seattleboycott2Hotel workers at the Grand Hyatt Seattle and the Hyatt at Olive 8 want to improve their jobs and have a voice in their working conditions.  So Seattle Hyatt hotel workers and their supporters called for a fair process to form a union.

In July, UNITE HERE and the Hyatt Hotels Corporation reached a national agreement on such a process, which has gone forward at other Hyatt hotels in the U.S. But local owner Richard Hedreen has refused to agree to this process in Seattle.

Hotel housekeeping is difficult work that can lead to debilitating pain and injuries from years of lifting heavy mattresses and scrubbing floors.

Workers also say more hotel functions have been handed over to subcontracted temporary workers, who are typically paid less than they are, with even fewer benefits.

By contrast, unionized hotel workers in Seattle enjoy health and safety protections, job security, and affordable family healthcare, among other benefits.

In response, employees at both the Hyatt at Olive 8 and the Grand Hyatt Seattle have joined together to denounce the difficult working conditions and use of subcontracted workers that can supplant long-term employees. Workers are calling on customers not to eat, sleep, or meet at the two hotels until they reach a deal with Mr. Hedreen.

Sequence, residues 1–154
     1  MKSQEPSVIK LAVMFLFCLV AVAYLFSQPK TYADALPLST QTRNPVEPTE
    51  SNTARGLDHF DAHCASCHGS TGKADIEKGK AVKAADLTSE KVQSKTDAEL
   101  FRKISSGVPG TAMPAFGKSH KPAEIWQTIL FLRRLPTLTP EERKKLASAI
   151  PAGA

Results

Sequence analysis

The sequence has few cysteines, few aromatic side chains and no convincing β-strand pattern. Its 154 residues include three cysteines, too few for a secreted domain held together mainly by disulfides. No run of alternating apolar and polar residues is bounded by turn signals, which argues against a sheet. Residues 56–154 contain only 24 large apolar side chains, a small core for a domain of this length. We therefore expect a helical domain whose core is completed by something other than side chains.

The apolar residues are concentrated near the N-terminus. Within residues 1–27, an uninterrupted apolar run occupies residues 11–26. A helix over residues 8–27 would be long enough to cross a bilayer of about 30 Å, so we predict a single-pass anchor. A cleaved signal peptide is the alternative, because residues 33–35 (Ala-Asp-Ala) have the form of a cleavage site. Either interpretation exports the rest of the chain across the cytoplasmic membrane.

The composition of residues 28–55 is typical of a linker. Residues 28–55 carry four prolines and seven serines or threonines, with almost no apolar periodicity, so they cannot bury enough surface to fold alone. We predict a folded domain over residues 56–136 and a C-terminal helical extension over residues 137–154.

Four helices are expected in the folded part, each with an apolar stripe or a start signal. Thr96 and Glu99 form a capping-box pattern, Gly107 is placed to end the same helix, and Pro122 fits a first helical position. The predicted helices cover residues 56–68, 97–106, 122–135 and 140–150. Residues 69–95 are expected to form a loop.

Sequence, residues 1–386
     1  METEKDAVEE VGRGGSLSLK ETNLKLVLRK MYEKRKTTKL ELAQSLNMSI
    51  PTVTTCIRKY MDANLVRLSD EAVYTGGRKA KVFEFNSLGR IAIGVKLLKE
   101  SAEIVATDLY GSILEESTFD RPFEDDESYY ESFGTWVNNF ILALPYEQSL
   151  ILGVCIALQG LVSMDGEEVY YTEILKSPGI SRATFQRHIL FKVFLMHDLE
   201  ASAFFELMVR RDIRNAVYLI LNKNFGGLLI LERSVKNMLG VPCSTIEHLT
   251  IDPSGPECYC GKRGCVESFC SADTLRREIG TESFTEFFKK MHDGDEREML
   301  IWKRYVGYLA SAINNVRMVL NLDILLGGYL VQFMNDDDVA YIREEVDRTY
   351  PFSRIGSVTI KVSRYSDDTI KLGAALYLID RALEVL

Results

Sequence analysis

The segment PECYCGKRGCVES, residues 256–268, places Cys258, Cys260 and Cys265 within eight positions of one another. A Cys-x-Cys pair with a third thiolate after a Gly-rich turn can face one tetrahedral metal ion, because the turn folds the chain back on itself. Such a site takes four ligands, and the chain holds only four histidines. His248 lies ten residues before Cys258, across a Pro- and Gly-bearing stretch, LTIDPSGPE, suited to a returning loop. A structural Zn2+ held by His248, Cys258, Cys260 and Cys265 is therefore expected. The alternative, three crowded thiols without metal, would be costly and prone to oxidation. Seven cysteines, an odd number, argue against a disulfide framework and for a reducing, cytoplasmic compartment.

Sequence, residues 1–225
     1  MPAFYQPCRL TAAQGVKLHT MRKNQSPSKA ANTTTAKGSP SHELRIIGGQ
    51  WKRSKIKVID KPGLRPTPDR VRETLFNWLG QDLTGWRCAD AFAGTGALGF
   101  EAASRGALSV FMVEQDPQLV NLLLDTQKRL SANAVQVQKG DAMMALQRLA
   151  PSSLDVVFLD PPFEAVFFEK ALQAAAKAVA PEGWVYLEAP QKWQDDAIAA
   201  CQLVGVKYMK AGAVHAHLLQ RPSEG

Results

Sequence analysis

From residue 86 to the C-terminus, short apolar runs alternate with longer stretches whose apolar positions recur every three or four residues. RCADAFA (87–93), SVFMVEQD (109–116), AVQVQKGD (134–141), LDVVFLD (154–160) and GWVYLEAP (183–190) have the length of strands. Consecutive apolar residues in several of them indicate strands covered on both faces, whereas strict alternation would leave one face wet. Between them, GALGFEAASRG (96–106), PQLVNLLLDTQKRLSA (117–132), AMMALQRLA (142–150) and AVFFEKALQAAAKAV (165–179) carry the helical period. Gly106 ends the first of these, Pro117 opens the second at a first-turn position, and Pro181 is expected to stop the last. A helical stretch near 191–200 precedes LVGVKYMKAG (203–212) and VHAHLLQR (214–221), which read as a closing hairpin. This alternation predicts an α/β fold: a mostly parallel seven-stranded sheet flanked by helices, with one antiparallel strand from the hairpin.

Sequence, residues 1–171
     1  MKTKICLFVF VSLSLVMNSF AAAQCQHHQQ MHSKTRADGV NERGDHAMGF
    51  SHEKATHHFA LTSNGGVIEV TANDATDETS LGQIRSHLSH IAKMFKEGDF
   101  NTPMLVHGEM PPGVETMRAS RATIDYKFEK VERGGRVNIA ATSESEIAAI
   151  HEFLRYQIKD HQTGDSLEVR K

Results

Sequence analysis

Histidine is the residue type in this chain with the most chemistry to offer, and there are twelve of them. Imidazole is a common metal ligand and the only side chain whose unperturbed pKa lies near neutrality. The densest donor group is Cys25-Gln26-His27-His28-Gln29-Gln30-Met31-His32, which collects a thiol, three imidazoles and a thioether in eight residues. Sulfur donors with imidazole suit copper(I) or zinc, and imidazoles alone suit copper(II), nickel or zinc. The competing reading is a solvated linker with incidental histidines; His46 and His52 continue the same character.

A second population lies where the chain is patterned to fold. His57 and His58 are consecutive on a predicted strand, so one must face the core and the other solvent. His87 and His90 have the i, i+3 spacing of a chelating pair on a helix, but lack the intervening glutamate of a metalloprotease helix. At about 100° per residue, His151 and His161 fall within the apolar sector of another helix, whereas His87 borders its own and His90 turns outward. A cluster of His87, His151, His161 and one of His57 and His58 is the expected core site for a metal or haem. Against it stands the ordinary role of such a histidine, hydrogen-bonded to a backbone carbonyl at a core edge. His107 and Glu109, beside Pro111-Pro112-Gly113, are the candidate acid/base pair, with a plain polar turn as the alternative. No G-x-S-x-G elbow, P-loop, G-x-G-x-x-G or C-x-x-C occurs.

“Richard Hedreen has done the right thing for his workers in the past, and Hyatt has removed any roadblocks for him to do so in this instance,” says King County Council Chair Larry Gossett. “We are asking him to step up and give workers a truly sustainable and secure future in Seattle.” King County Councilmembers Larry Gossett, Joe McDermott, Julia Patterson, and Larry Phillips have also endorsed the boycott.

Despite Mr. Hedreen’s current refusal to honor workers request for a fair process, workers remain determined. Yuan Ping Tang, a houseman at the Hyatt at Olive 8, says, “This boycott may cost workers like me money, but the cost of doing nothing is much greater.”